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ID theft ring leader--a fed informant--could get life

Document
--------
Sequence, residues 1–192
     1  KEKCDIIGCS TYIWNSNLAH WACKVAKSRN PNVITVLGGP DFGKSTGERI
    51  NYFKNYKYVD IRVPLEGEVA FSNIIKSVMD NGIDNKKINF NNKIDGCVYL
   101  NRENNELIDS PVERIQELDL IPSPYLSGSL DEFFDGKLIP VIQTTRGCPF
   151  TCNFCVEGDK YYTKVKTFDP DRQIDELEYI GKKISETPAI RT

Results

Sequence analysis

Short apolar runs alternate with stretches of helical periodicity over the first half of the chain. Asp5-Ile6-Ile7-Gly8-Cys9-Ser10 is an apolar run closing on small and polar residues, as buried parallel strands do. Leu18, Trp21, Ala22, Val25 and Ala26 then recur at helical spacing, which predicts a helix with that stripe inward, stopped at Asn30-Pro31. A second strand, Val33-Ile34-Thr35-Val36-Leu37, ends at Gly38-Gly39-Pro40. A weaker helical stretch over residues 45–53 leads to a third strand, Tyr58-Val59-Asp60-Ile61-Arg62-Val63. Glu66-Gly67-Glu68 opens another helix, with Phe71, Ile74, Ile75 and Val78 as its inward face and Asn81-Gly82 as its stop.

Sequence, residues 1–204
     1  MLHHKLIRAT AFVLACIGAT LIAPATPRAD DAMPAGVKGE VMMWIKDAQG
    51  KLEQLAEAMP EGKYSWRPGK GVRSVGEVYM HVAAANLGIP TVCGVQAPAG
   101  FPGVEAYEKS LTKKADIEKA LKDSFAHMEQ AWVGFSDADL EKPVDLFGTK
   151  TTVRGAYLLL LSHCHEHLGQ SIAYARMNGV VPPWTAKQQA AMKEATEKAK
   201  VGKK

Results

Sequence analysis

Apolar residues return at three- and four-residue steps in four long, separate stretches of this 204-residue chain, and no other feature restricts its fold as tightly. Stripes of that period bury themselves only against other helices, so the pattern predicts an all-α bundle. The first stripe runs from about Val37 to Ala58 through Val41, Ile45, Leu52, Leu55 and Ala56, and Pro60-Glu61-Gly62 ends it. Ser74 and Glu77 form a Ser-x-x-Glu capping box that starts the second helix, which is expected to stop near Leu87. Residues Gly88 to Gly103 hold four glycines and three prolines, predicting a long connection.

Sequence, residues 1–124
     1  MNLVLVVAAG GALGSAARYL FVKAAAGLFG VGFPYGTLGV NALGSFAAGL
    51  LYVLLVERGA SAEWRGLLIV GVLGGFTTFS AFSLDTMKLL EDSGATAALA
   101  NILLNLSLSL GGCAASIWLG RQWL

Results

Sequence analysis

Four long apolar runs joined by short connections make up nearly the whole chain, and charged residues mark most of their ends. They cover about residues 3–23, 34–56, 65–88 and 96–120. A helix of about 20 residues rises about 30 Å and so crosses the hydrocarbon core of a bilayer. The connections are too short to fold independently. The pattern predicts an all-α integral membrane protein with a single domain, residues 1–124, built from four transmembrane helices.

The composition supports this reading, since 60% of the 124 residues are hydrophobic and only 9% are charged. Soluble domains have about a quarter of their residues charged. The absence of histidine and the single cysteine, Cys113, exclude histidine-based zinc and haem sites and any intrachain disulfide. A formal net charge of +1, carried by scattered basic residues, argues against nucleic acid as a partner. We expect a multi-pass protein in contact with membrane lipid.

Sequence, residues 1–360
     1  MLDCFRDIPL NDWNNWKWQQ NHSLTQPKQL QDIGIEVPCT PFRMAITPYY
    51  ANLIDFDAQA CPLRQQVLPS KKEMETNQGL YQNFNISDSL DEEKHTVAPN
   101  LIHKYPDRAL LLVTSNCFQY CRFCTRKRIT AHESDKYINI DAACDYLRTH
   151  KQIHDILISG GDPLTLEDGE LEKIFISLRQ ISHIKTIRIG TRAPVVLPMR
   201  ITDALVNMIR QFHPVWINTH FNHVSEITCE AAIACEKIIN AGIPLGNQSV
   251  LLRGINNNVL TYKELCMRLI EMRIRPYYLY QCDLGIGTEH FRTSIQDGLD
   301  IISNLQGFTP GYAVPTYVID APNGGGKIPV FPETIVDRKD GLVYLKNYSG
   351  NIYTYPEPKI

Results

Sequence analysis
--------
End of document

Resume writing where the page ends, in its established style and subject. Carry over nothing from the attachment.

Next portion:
NEW YORK (8/8/08)--A key figure in data breach theft indictments earlier this week was an informant working with the U.S. Secret Service while he allegedly led an international ring that stole millions of dollars through data breaches against nine retailers, including TJX Cos. If convicted of all charges, Albert "Segvec" Gonzalez of Miami faces a life term in prison, said U.S. Attorney General Michael B. Mukasey at a news conference in Boston (OrlandoSentinel.com Aug. 6 and Miami Herald Aug. 6). Gonzalez is in custody in New York. He is accused of masterminding the series of data breaches that cost credit unions and other card issuers and their insurance companies millions of dollars. The indictment said as an informant for the Secret Service, Gonzalez "used sensitive law enforcement information…to warn off conspirators." The series of breaches took place over four years, beginning in 2004 with the restaurant chain Boston Market. The largest breach, announced in January of 2007 by TJX Cos., compromised at least 45 million cards. Some estimates doubled that figure. Two other Miami men, Christopher Scott and Damon Patrick Toey, were charged with "wardriving," or driving around commercial areas and using wireless networks to hack into computers. Other indictments were against Maksym "Maksik" Yastremskiy of Ukraine; Aleksandr "Jonny Hell" Suvorov of Estonia; Hung-Ming Chiu and Zhi Zhi Wang, both of China; Sergey Pavlovich of Belarus; and Dzmitry Burak and Sergey Storchak of Ukraine. A final indictment is known only by an online moniker, "Delpiero." Yastremiskiy allegedly received more than $11 million from operating the ring. The arrests were the result of a three-year undercover investigation.
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